This Is John Lydon
If John Lydon (aka Johnny Rotten) had only fronted the Sex Pistols, his place in pop music history would have still been secure. His restless creative spirit, keen intelligence, unique vocal style, and aggressive stage presence made him one of the most recognized faces on the planet as the band rose to prominence in the late '70s. Though they only released one studio album before imploding, the Sex Pistols were loved and hated for their uncompromising music and political lyrics, both driven by Lydon's ferocious honesty.
Unwilling, or unable, to rest on his laurels, in 1978 he formed Public Image Ltd, the legendary post-punk band that would not only leave its own mark, but go on to influence grunge, acid house and almost every other avant-garde rock subgenre. After eight studio albums, from 1978's Public Image: First Issue to 1992's That What Is Not, the group disbanded in 1993.
Lydon creatively revived PiL in 2009 for a set of UK gigs, funding the reunion dates from money he made starring in a commercial for Country Life butter. As PiL prepare to release their first new album in 20 years, This Is PiL, on May 28, Lydon discussed the album's creative process, his love of pop, why jazz fans love PiL, and his bid to destroy rock and roll all over again.
The songs on the new album are credited to the whole band. How does the collaborative process in PiL work?
Usually I do the lyrics, but I'm not alien to taking ideas from the rest of the band. They can spin off notes and sounds that spark brilliant interactions between music and lyrics. [Multi-instrumentalist] Lu [Edmonds] and [drummer] Bruce [Smith] and I have a long history. That allows us the comfort and ability to create a musical landscape to work from. The new bass player, Scott [Firth], knows music, ranging from Steve Winwood to the Spice Girls, which is a fantastic thing. We must not allow ourselves to be musically snobby. There are no jazz purists in PiL, although jazz fanatics seem to love us because of the improvisational qualities we exude in a live format, [it's] an audio tapestry really.
We financed the record ourselves, so the chains were off, which helps music to no end. We call the way we work cheap and cheerful. We recorded in a barn in the British countryside. Just went in and earned our wings, as they say. There was a lot of combustible creativity, but not spontaneous combustion. We had ideas going in and did 12 songs. We could have done more, it was going so well, but 12 were enough. They accurately portray life from all of our perspectives.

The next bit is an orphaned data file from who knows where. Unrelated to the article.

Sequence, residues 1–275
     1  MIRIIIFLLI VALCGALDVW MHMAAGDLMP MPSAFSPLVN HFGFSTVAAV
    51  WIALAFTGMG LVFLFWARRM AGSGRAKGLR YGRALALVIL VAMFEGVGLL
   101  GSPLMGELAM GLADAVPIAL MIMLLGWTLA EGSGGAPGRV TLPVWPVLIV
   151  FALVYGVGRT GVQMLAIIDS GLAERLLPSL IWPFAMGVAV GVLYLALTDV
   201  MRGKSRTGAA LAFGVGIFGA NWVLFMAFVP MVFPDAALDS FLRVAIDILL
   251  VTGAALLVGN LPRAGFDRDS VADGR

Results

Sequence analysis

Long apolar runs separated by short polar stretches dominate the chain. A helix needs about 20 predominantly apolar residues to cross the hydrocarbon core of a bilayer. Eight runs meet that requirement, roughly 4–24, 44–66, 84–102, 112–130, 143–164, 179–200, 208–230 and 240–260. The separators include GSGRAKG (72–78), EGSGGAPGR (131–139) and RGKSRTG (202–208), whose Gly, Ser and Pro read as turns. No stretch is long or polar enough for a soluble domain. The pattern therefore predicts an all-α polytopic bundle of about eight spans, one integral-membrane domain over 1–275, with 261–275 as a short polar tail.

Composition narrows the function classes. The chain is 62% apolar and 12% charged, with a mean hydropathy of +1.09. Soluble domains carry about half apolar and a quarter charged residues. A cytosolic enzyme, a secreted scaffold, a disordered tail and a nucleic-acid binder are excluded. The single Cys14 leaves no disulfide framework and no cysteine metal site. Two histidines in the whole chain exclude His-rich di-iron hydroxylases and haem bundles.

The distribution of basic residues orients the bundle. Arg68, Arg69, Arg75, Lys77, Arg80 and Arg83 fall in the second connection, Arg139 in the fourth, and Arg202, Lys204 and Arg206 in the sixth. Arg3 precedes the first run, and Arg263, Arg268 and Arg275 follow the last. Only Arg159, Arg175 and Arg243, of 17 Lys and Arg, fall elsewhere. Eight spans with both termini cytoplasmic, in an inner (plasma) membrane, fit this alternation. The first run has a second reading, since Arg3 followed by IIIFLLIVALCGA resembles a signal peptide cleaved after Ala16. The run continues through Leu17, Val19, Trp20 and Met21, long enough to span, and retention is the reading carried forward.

PiL destroyed rock and roll the first time around. What can you do this time?
Thank you very much [laughs]. That's what I tried to do. This time we took things to the next level. It's more musical, but not mainstream. It's music, not computer-generated studio trickery. We use technology, because we're not an acoustic band, or not always. I'll never allow myself to be formatted into electronic forgery. It's terrible when rock becomes a backdrop for the likes of "American Idol," which is basically karaoke for the masses without the energy of audience participation. The ideology of the program to limit it to things that are note perfect destroys creativity. In a world like that, I reckon I shine like a diamond. That may come across in print as arrogant and I hope it does. I hate seeing music watered down, imitated and stolen. I beg every musician and audience member to learn to be yourself, be comfortable in your own skin. Not very many people listen to me, but I'm still at it. Life's too short to live in somebody else's suit.
Most of PiL's music has been linear in structure, but this time there are a few songs with standard verse-chorus structures.
I've always had a place in my heart for pop music. Pop music keeps you young. We have a [new] song called "One Drop" where I say, "We are the ageless/We are teenagers." It's a bit of a sing-along, and why not? There are many ways to say a thing and no one should expect me to limit myself to any form or structure. I'm not a perfect person, but I'm working on it and every now and again, I put out a pop ditty. I love the shape of pop songs. The music isn't the most important thing you have in a band. It's the humanity you share with each other and the complexity and cooperation you get when you find the right blend of sensibilities. It can take 20 minutes or 20 years, but it's worth the wait.
(J. Poet lives in San Francisco and writes about Native, folk, country, Americana, and world music for many national and international publications and websites.)